Monday, November 12, 2012

Writing Consultant Highlight - Gabrielle Johnson

Gabrielle Johnson

Gabrielle is a sophomore English major (not to mention a writing consultant candidate by default). As you will see, Gabrielle can be classified in several "-phile" categories and recognizes that her major constantly challenges her writing skills. In offering advice to other writers, Gabi may seem to be a packrat, but it is all in good planning.

  See below for Gabi's insights:

As a writing consultant, you know how to put a paper together, but what is your writing process like?
Both creatively and academically, it is the writing equivalent of a small child with their first finger-paints. It seems messy and inconsistent

Let’s face it: No one is perfect. What is your biggest writing challenge?
My time management skills are underdeveloped and often lead to me procrastinating when I probably shouldn’t. That, combined with my inability to hand in a paper I feel is inadequate, often leads to late nights adding new paragraphs and editing old ones.

How does your major help you become a better writer? How has Cedar Crest helped you become a better writer?
I am an English major, so if I can’t write I fail by default. I am constantly challenged in my classes, and the faculty is always willing to spend a bit of extra time discussing my thoughts while helping me develop them into coherent ideas.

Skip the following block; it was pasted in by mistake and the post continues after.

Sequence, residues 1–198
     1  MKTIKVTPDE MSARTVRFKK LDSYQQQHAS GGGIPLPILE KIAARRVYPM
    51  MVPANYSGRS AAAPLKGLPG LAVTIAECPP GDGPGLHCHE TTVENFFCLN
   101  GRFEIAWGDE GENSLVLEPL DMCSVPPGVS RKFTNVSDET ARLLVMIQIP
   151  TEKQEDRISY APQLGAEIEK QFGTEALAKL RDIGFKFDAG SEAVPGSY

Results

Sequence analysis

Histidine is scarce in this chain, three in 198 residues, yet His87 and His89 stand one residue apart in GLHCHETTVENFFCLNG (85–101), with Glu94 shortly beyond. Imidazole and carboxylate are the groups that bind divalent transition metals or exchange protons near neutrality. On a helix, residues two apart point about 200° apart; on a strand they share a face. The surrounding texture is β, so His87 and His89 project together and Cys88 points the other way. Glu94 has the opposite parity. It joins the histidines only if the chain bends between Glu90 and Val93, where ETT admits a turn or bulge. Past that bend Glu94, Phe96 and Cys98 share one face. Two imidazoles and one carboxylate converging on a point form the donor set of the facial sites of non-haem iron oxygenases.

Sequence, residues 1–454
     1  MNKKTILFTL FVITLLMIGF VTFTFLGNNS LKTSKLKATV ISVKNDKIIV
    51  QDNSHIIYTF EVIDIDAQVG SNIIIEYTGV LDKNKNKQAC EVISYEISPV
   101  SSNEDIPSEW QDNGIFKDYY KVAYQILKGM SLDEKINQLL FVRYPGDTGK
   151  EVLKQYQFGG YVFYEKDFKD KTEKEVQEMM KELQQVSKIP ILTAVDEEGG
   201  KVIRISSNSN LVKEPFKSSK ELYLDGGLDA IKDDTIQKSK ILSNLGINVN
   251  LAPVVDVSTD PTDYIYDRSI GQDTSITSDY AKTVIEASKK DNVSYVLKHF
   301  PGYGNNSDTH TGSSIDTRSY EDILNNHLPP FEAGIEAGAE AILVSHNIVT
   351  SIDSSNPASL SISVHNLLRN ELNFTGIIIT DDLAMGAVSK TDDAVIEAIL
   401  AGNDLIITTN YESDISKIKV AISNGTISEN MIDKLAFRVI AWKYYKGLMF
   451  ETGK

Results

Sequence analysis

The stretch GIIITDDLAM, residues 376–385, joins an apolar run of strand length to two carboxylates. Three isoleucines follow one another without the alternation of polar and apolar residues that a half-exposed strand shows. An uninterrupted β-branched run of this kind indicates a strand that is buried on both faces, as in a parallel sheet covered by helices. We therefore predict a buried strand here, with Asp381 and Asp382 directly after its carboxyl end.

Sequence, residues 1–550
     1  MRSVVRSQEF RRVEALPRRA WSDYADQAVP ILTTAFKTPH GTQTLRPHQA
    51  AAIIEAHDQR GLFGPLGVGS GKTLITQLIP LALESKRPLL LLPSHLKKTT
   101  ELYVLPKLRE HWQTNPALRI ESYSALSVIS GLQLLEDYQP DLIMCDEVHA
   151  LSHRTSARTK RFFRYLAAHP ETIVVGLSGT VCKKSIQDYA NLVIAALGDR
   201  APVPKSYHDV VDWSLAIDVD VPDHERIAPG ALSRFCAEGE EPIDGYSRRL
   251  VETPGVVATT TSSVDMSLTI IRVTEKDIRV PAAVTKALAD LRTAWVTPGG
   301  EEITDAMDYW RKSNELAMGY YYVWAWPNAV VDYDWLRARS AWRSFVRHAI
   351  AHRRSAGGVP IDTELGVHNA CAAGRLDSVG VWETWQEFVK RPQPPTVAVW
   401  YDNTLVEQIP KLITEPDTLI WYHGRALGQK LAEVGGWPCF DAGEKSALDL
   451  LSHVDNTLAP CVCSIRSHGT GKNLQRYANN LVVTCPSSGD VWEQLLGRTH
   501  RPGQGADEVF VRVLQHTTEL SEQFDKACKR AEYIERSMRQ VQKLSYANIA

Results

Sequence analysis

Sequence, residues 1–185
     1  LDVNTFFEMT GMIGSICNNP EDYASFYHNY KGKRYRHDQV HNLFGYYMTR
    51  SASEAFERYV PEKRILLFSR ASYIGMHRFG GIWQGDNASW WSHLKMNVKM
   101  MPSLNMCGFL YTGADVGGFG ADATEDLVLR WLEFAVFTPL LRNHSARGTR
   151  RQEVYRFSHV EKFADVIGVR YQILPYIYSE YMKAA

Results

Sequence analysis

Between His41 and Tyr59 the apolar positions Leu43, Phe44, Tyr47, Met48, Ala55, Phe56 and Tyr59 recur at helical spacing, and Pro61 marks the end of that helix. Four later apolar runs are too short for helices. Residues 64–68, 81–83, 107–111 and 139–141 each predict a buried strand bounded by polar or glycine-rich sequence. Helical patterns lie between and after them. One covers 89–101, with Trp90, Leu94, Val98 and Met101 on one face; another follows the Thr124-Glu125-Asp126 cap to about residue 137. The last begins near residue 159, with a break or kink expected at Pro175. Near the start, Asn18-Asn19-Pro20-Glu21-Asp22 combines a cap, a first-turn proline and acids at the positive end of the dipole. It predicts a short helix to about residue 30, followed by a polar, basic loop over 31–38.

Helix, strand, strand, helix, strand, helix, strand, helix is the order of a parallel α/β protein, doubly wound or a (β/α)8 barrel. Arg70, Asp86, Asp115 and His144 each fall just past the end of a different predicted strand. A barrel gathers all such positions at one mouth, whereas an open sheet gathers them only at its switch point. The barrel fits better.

What is something interesting not many people know about you? 
I am a bibliophile, cinephile, and music-lover. I spend far too much time listening to music, reading, or watching something. I have over six hundred books on my shelves, hundreds more on my computer, and don’t even ask me about how many albums and movies I own. 

What is your favorite book? Why?
Right now, it is Good Omens: The Nice and Accurate Prophecies of Agnes Nutter, Witch by Neil Gaiman and Terry Pratchett. The humour is dry, witty, and very reminiscent of Douglas Adams which is always a plus. And it’s always nice to see two of my favourite authors working together. 

What is your general advice to writers?
Save everything you write, even if you think it’s horrible. Whether it is academic or creative, you’d be surprised how often you can go back and find something salvageable within a bit of writing you thought was nonsense. 


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